Another Kind of Business, Not Massage

Well, California can once again be accused of being different and difficult. It’s a land of fruits and nuts, yurts and yogurt, movie stars and serial killers. And one of the oddest hybrid massage licensing laws ever.

First, after a long-fought battle mostly amongst ourselves, the California licensing law isn’t a license, it’s a voluntary certification designation. And required education hours are set quite low, at 250 and 500, in deference to our economy and our quaint three-states-in-one political climate.

In Southern California where I practice many cities require close to 1,000 hours for licensing, and some require the higher hours plus national examinations. Further still, some require all that and add on their own exam and a long, expensive application process. Once obtained, the licenses have all kinds of interesting practice restrictions from “no glutes” (try skipping those on people with low back pain) to specifying the wattage of room lighting (Sixty watts can feel like a night baseball game to someone with a migraine.)

As you may suspect, the Southern California cities are trying to regulate another kind of business, not massage, that involves touching clients.

Up north in the other California, education minimums are less arduous, and in some cases not required. Our northern folks, much more civilized that they are, feel quite happy with 100 hours or two for good if basic rub. The great in-between, the valley where the fruits and nuts are grown alongside with the politicians, is a hop-scotch of regulations.

When I went to the Long Beach police station get a license in 1996, I had to hold up a chalkboard sign in front of me with my name and application number while a policeman took my pictures, front and side. I love the idea that we are finally getting away from city-by-city funhouse of regulations.Yip Yip Hooray.

But at the same time I must say that the California certification agency, which began taking applications in August, is a little too easy on education. Figure a good massage therapist needs to know more than Swedish and basic contraindications. And long haul in mind, shouldn’t it take a few months of teachers yelling in your ear to learn proper body mechanics? (OK. It did me. My mechanics are not perfect, but I’ve been massaging for almost 15 years, thanks to a deafening stream of Portuguese exclamations.)

Increasing hours, of course, would put a crimp in the big spas and resorts, who try to juggle big overheads by keeping labor costs low. Keeping required hours down helps ensure a good labor pool of recent graduates for the big players. Unfortunately, requiring less education also makes it easier for those in another kind of business, not massage, to operate.

I would like to think of massage as more of a therapeutic profession-in-the-making, heading say, for the education level of a vocational nurse as opposed to a certified nursing assistant. I say that, of course, knowing I have the hours already and such a requirement would force a lot of experienced therapists who haven’t taken certified hours back to the classroom.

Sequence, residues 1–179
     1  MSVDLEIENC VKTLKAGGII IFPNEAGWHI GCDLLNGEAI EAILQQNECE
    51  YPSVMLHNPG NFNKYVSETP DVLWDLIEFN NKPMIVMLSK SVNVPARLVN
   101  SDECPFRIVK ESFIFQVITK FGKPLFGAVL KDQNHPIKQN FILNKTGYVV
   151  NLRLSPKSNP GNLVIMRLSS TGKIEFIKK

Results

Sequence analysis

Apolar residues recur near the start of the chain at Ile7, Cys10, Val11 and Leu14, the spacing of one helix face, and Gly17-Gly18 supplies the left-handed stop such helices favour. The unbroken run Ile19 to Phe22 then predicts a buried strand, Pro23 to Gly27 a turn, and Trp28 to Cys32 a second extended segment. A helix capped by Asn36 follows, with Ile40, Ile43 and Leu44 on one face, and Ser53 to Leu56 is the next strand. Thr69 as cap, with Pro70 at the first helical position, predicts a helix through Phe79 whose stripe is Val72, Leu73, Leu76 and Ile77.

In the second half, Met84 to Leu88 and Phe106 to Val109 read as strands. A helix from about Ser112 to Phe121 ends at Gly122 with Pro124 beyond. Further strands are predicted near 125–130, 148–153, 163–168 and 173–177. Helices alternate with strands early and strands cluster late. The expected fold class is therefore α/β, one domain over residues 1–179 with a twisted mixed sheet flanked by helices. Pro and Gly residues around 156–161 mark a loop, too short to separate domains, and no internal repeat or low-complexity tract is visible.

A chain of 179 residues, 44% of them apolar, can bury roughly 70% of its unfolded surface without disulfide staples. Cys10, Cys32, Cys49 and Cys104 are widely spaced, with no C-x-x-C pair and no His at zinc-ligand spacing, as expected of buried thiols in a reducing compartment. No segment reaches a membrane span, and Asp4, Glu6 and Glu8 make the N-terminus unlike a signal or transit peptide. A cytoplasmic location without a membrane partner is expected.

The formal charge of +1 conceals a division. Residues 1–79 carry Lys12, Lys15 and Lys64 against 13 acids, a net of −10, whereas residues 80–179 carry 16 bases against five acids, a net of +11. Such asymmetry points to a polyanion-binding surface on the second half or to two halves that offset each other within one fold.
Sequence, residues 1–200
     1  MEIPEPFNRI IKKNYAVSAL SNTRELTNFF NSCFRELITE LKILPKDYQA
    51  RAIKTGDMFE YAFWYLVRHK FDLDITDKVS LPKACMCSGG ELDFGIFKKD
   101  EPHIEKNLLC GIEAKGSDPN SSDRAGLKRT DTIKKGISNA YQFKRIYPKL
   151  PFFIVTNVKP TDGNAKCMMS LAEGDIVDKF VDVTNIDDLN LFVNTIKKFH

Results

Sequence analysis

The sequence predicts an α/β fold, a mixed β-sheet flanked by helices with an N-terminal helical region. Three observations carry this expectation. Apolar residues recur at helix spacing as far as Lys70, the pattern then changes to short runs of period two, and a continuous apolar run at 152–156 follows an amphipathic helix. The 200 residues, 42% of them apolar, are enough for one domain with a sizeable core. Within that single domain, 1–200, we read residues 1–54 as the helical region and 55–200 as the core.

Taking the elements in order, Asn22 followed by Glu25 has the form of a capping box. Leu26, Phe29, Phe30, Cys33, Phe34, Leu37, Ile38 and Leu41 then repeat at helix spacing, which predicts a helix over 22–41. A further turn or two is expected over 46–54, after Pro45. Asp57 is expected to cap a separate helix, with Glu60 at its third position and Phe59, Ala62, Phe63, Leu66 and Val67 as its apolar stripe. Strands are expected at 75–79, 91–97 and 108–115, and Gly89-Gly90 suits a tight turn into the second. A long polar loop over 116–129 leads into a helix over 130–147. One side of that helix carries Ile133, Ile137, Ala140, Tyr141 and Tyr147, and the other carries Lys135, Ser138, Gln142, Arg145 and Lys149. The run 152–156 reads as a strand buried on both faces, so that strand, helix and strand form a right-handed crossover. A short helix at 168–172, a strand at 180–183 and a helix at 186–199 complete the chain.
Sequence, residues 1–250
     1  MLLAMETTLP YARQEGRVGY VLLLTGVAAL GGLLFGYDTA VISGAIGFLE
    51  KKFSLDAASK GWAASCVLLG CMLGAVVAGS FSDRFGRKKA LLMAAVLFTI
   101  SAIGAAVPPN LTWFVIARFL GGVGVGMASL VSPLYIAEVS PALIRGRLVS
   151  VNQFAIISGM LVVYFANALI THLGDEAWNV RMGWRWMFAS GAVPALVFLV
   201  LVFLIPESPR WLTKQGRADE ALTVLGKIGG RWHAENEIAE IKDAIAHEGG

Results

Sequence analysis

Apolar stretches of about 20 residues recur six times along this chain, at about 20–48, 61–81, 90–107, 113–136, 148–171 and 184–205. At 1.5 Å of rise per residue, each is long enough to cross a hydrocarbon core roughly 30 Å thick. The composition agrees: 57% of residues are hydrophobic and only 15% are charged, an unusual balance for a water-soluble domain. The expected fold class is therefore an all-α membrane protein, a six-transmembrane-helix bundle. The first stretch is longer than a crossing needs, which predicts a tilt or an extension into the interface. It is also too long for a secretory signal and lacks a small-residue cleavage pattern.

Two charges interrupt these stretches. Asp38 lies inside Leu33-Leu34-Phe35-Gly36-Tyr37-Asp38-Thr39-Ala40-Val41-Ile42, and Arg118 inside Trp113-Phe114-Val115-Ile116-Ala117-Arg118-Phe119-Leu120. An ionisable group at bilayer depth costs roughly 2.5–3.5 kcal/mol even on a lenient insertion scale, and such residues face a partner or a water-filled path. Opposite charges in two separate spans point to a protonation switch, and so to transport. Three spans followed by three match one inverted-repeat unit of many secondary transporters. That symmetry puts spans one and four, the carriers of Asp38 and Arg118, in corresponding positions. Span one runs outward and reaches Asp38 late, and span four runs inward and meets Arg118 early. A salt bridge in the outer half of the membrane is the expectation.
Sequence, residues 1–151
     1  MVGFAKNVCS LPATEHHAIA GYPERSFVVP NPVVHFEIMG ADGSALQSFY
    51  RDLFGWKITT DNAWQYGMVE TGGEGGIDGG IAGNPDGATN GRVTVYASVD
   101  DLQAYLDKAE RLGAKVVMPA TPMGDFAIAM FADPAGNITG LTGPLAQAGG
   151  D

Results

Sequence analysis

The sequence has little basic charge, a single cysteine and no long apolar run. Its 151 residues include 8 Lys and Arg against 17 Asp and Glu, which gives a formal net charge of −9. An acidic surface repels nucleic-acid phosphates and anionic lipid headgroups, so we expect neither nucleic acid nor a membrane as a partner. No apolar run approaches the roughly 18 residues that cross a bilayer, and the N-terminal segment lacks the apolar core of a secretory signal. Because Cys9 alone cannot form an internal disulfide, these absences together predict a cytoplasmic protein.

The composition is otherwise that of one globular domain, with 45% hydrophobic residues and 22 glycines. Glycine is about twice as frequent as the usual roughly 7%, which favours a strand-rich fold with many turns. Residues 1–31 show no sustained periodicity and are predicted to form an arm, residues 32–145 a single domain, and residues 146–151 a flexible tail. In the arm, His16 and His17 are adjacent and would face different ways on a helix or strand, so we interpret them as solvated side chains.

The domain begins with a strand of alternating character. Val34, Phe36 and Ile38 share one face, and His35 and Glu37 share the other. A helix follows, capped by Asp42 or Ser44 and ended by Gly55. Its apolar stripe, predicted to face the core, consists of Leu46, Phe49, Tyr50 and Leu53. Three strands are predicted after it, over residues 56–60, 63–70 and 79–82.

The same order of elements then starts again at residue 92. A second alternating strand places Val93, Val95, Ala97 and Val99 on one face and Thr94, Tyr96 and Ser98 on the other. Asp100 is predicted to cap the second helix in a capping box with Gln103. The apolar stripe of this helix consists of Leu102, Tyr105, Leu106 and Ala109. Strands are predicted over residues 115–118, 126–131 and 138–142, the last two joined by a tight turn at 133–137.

As the California Massage Therapy Council bravely tries to herd all of us cats, I can say that as diverse as Californians are, at least we are on the brink of a high hill. Soon I can work wearing a V-neck scrub shirt without being in violation of my city’s cleavage regulation.

3 thoughts on “Another Kind of Business, Not Massage

  1. Brad

    I agree, Sue, reducing the hourly requirement for licensing is a mistake. Therapists will suffer.

    Massage therapists must remember that their practice is a business. As such, therapists need to reinvest some of their earnings in their practice in order to make it grow. It’s not too disruptive in one’s practice to take one massage class (16 to 32 hours) every six to twelve months after completing the basics. Your clients will benefit, you’ll learn how to increase your longevity in the field (15+ years instead of the average 5…), and the time with fellow therapists is invaluable for practice building ideas and networking.

    For now we’re seeing the results of licensor judgement errors, hopefully they’ll think things through and do what’s really best for our profession, not just for their bottom line.

  2. Anonymous

    Interesting….. as a Day Spa owner, former instructor of 1250 hour MT program and LMT the flaming hoops of the past are altered. I agree the gates have opened for the Reflexology places etc. to run whatever the see revenue generating. Shady possibilities…..but remember who backed the new state option.$$$.The Chiropractic Association and Massage Envy. Lobbiests once upon a time … cost less then therapists. Both industries are known for burn and churn attitudes. Most importantly it is bad for the clients and bad for the service providers. Owners that care now must train NEW service providers to “Do no Harm”. I currently have two newbies that both have chiro exp. One is being retrained for pushing against the venous flow. GREAT!!!;-( Look to the details for answers they are always there….

  3. Anonymous

    From Sue P: Ah, yes, it is a big change in store, and yes, it allows more investment in massage businesses. That is progress, I think.
    Where will it take the profession? It will certainly make solo practititioners (most therapists) less worried about breaking local regulations. The investors? downright gleeful, it seems. Newbies? watch out!


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